Mancini’s selection of Ristano was all the easier given that the two have on-field chemistry. Along with the Big East Home Run Derby, Ristano, a southpaw, constantly threw batting practice to prepare the Fighting Irish for left-handed pitching. To Mancini, Ristano was always adept at putting pitches where he wanted, which helped if Mancini wanted to work on hitting pitches in a certain part of the zone.
“I don’t really know what that says about my job performance as a pitching coach to be so adept at getting up balls that go over the fence,” Ristano said with a laugh.
On the surface, the story of Mancini competing in the Home Run Derby with Ristano throwing is about a player and coach. Yet neither talk about one another through the lens of the player-coach dynamic. They speak of one another as friends, their three shared seasons at Notre Dame being the backdrop that allowed their relationship to unfold.
Mancini recalls immediately connecting with Ristano the moment he stepped on campus. Perhaps it was the fact that Mancini was a position player and Ristano was the pitching coach, meaning the latter wasn’t presiding over the former. Regardless, Mancini says the two have always been close.
One of Ristano’s favorite non-baseball memories of Mancini came shortly after he was drafted. Ristano’s wedding was set to take place on Nov. 1, 2014, with the rehearsal dinner falling on Halloween.
Mancini recalled that the bars in South Bend had a Halloween theme and those who dressed appropriately received free cover, “which was a big deal at the time,” Mancini said. Mancini didn’t have an elaborate costume on hand, so he and a friend threw on onesies with a bib. Mancini didn’t have time to change as he made his way from the bars to the event. As Ristano recalled, Mancini attempted to conceal his costume.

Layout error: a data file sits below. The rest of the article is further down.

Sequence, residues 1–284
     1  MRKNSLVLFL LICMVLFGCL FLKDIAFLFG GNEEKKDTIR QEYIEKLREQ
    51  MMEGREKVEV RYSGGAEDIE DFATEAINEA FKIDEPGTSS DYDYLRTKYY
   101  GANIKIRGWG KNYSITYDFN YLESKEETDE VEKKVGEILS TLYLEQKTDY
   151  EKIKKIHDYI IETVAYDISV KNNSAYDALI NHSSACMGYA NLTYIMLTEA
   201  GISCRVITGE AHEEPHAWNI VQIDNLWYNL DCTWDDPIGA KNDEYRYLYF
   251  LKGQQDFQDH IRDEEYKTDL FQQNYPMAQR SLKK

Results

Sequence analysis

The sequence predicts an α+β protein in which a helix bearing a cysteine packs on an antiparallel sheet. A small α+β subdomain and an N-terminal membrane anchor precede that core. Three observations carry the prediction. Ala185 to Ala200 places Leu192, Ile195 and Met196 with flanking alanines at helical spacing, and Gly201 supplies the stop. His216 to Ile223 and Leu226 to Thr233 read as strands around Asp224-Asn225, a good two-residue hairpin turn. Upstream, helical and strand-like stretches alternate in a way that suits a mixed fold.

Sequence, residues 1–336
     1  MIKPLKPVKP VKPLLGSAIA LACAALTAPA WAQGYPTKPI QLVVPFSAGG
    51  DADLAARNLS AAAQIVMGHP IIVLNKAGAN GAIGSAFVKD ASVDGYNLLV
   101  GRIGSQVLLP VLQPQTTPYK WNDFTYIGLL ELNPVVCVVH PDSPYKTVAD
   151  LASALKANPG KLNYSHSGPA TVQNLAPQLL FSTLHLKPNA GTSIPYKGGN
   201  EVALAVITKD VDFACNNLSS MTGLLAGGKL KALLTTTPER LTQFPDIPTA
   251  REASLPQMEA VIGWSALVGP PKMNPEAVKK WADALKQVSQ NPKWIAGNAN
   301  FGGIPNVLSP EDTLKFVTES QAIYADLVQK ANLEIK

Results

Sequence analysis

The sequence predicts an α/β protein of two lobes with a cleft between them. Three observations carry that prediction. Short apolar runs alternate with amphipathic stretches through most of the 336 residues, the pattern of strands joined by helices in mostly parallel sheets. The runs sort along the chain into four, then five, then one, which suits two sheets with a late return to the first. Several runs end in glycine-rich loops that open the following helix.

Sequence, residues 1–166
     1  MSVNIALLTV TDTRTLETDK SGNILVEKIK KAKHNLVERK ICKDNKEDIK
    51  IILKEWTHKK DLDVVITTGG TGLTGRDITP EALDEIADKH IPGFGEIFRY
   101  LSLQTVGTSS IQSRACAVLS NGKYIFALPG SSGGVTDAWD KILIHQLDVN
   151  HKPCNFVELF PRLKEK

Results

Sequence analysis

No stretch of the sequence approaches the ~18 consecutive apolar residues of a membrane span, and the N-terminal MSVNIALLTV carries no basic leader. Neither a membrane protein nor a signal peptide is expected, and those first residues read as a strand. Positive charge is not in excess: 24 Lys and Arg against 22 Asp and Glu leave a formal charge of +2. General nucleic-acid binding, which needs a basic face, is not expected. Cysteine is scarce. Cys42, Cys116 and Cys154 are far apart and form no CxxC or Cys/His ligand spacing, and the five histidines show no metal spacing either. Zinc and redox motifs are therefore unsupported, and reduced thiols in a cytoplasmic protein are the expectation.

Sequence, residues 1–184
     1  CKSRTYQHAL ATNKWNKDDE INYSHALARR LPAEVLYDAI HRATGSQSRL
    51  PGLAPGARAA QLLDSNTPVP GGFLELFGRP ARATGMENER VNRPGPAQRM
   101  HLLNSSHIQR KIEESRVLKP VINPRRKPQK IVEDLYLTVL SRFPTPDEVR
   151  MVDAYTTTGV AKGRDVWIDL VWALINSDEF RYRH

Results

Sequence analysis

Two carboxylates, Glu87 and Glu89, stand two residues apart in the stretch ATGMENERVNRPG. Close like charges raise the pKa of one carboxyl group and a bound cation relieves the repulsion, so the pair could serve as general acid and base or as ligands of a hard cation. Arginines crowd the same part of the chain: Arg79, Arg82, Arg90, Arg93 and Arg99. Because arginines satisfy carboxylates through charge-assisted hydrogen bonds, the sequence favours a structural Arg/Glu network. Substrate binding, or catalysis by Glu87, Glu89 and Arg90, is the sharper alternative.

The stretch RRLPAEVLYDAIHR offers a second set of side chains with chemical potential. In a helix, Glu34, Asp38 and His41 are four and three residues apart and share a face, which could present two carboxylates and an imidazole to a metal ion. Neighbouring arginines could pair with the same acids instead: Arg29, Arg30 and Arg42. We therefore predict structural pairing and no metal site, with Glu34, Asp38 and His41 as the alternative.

“Trey wouldn’t take his jacket off,” Ristano recalled. “[I said], ‘Come on, take your jacket off.’ He opens his jacket and he was dressed like a Smurf.”
Come Monday evening, Mancini, as well as Ristano, will be dressed for a different occasion.
When Mancini won the Big East Home Run Derby in 2013, there were only a few hundred people in attendance. Coors Field, however, will be an entirely different monster. Ristano admitted that he’s nervous, but hopeful that his reunion with Mancini will quell any nerves.
“Trey is a performer,” Ristano said. “I'm just hoping that I can do my part, and if I do, I know Trey will do unbelievable.”
While the spotlight will fall on Mancini and Ristano come Monday -- Ristano said he’d love to be invisible -- the moment won’t solely be about them.
The last time Mancini and Ristano have seen one another in-person was Palmer’s funeral. Ristano described the moment as sobering. When the two reunite and take the field on Monday, fulfilling a promise made nearly a decade prior, they’ll be doing so in memory of Palmer.
“Having lost Ricky was gutting for all of us, but watching Trey step up to the plate, not only with his own story, but to support Ricky’s, has been great,” Ristano said.